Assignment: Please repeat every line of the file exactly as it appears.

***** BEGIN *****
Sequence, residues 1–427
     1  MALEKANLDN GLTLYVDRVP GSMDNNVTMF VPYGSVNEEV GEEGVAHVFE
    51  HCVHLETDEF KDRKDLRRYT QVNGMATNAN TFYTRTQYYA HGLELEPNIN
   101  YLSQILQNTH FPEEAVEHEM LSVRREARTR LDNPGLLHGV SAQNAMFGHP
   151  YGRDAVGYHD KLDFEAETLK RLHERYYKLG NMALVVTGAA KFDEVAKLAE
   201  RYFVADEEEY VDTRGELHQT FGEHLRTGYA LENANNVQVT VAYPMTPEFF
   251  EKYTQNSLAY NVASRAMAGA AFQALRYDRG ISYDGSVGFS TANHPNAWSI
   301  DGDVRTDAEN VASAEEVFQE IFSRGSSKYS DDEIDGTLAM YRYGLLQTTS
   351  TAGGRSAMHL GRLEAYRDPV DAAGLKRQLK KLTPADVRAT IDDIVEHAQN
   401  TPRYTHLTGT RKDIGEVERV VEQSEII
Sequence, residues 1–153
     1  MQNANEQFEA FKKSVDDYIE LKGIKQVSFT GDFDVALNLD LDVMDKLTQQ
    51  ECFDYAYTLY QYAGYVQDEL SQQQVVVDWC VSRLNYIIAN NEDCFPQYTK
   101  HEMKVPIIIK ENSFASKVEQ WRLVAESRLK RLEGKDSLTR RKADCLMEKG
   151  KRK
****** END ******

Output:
Sequence, residues 1–427
     1  MALEKANLDN GLTLYVDRVP GSMDNNVTMF VPYGSVNEEV GEEGVAHVFE
    51  HCVHLETDEF KDRKDLRRYT QVNGMATNAN TFYTRTQYYA HGLELEPNIN
   101  YLSQILQNTH FPEEAVEHEM LSVRREARTR LDNPGLLHGV SAQNAMFGHP
   151  YGRDAVGYHD KLDFEAETLK RLHERYYKLG NMALVVTGAA KFDEVAKLAE
   201  RYFVADEEEY VDTRGELHQT FGEHLRTGYA LENANNVQVT VAYPMTPEFF
   251  EKYTQNSLAY NVASRAMAGA AFQALRYDRG ISYDGSVGFS TANHPNAWSI
   301  DGDVRTDAEN VASAEEVFQE IFSRGSSKYS DDEIDGTLAM YRYGLLQTTS
   351  TAGGRSAMHL GRLEAYRDPV DAAGLKRQLK KLTPADVRAT IDDIVEHAQN
   401  TPRYTHLTGT RKDIGEVERV VEQSEII
Sequence, residues 1–153
     1  MQNANEQFEA FKKSVDDYIE LKGIKQVSFT GDFDVALNLD LDVMDKLTQQ
    51  ECFDYAYTLY QYAGYVQDEL SQQQVVVDWC VSRLNYIIAN NEDCFPQYTK
   101  HEMKVPIIIK ENSFASKVEQ WRLVAESRLK RLEGKDSLTR RKADCLMEKG
   151  KRK